Silence filled the room.
I could feel the gaze of everyone, now locked on me instead of Mace. Asten was the first one to break the silence.
"Come with me...just help me bring Mace to another room," he said quietly, ignoring my bold statement. But I knew what he was doing, and I was grateful. I needed to get out of there. If I was right...anybody in the room could want me dead.
I stood up and grabbed Mace's legs as Asten grabbed his shoulders. We carried him through the crowd. Both January and Kyan wasted no time in joining us. They held doors as we went down a hallway beyond the meeting room. The floor had navy blue carpeting. Fluorescent light fixtures illuminated photos of athletes on the walls.
We turned into a bedroom at the end of the hallway. There was a mattress in the corner with more sports posters taped haphazardly on the wall. Next to the bed was a door leading into an open bathroom.
I helped rest Mace on the mattress before stepping back and letting Kyan finish his job.
Before I could leave the room and go hide somewhere alone, Asten caught my attention.
"Calestia...I need to talk to you...," he said quietly. It didn't seem like much of a choice. I nodded quickly and followed him as he walked into the closest isolated place. The bathroom.
Once inside, he shut the door. He took a match from his pocket and lit up the few candles scattered about the room by the Snow Society. There was a small battery-operated fan in the corner of the room, which he also switched on, allowing some of the musty air in the room to swirl around. But I knew it had more to do with trying to drown out our voices.
I had a feeling I knew what this was going to be about. It was ironic really.
"If the person was looking for you, you need to be careful," Asten stated, getting straight to the point. I wasn't sure if I even trusted him at this point. He could easily be the one who wanted me dead. I just assumed that if he wanted me dead, he would have done it by now.
I leaned against the wall of the tiled bathroom and sighed. "I know. I can handle myself...," I replied weakly. I could fight, and win sometimes, but I was no expert. I was just average. Maybe even less than average, since the only fighting I got was from small skirmishes during my search for supplies.
"You could use training." He crossed his arms over his chest like he wanted me to take his suggestion seriously.
"I honestly don't think I need it."
"But there's no harm in doing it...," he replied persuasively. I was beginning to wonder why he even cared about me. It could've just been his personality, since he'd willingly tried to free Jadyn and Axel. Most people would have let that situation alone. Survival had to be your only goal in a world like this. But for some reason, even if his actions weren't meant specifically for Jadyn and Axel, he still had given into selflessness instead of survival.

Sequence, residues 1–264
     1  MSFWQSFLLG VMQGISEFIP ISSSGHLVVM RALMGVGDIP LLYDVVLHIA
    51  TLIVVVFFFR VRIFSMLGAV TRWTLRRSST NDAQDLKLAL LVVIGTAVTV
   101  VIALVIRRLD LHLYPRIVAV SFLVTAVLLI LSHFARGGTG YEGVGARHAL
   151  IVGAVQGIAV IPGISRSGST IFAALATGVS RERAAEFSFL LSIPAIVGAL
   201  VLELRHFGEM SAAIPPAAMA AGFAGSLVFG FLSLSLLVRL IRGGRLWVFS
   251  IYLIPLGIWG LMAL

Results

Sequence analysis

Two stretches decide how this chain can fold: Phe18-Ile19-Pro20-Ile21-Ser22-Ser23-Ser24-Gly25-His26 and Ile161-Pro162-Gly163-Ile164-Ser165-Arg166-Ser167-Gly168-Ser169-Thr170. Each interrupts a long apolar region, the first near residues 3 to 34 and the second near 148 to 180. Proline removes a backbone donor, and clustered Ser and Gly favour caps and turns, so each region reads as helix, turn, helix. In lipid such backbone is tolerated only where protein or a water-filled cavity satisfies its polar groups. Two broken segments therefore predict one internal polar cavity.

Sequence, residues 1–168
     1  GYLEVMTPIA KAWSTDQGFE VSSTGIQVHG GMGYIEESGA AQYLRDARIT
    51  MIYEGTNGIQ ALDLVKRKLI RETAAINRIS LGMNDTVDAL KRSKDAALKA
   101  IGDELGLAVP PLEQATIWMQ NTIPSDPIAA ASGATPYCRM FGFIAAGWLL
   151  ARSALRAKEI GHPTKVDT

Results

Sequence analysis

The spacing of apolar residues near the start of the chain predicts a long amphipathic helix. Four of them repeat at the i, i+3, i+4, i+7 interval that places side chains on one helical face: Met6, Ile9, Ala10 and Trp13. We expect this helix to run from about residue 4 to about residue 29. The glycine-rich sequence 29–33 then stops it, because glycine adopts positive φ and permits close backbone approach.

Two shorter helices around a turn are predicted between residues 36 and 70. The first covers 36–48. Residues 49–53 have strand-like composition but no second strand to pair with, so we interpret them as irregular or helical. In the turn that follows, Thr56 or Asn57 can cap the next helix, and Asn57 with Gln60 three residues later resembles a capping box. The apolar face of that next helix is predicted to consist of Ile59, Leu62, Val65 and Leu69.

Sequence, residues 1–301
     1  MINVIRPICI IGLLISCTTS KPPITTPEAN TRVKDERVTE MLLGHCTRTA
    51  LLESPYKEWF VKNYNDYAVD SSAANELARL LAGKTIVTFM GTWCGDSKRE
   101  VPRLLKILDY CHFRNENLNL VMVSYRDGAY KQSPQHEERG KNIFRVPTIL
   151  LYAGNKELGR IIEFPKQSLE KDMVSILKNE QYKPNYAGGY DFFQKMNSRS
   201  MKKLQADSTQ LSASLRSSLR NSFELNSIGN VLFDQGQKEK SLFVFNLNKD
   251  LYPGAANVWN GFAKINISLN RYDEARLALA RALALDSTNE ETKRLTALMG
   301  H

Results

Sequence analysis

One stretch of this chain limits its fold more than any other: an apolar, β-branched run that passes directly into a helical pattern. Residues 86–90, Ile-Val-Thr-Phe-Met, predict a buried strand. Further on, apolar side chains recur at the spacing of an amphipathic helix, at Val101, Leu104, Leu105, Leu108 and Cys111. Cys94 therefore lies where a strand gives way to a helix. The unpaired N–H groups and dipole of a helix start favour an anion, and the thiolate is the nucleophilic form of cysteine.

I crossed my arms in imitation of Asten. He seemed genuine and I had nothing to lose. I could always use more help. Trying not to give away if I was totally in on his idea or not, I responded, "So who would even be teaching me everything?"
"Are you sure you're qualified for that?"
"I was trained in self defense...mainly by my mom, who was always so worried something terrible would happen to me after some of the events that she'd been through. You don't have to do it if you don't want to, but I'm giving you the option."
I considered his offer. I didn't really trust him. After what had happened, how could I? But if I did go along with this, I could end up stronger, faster, better...
More able to fight off anyone trying to hurt me.
"I'll think about it, okay?" I finally said after a while, and Asten just nodded his response.
"I'll be here if you want to...," he said, and I could tell our conversation was wrapping up. He clicked off the fan and the cold air in the room began to still. He was about to place his hand on the handle, when he paused. "...And one more thing."
I raised my eyebrows, staring back into his cloudy eyes, waiting for him to go on. The momentary silence was discomforting in the tight room, and the musty air was beginning to settle into its original position, back to being undisturbed, ignored, and untouched.
He took in a breath like he was steeling himself to say something.
"...It's not your fault," he said, before blowing out the nearest candle and leaving me standing alone in the room, left with only the echo of his words which sent a pang of emotion slamming into my heart as I realized...
I had been blaming myself. I always did.
YOU ARE READING
Nobody knows what day it is anymore. Nobody knows the month, the day of the week...and the only way to tell time is by the slight change in the color of the sky from grey to black every twenty-four hours. If a day even is twenty-four hours a...